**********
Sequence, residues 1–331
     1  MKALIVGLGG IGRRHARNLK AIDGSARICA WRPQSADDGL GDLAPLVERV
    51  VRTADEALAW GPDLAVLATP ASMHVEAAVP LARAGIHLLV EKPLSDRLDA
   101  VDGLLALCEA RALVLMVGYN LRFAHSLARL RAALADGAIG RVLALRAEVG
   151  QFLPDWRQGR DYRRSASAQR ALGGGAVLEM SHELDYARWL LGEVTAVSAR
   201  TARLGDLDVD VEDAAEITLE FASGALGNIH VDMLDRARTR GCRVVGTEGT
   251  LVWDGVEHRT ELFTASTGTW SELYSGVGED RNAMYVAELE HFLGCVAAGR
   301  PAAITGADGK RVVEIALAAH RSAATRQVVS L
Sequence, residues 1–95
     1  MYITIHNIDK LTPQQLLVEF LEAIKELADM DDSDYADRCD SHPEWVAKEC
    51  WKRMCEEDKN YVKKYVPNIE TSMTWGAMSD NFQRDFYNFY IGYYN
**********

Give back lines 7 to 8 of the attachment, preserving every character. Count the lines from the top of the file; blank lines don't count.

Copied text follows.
   251  LVWDGVEHRT ELFTASTGTW SELYSGVGED RNAMYVAELE HFLGCVAAGR
   301  PAAITGADGK RVVEIALAAH RSAATRQVVS L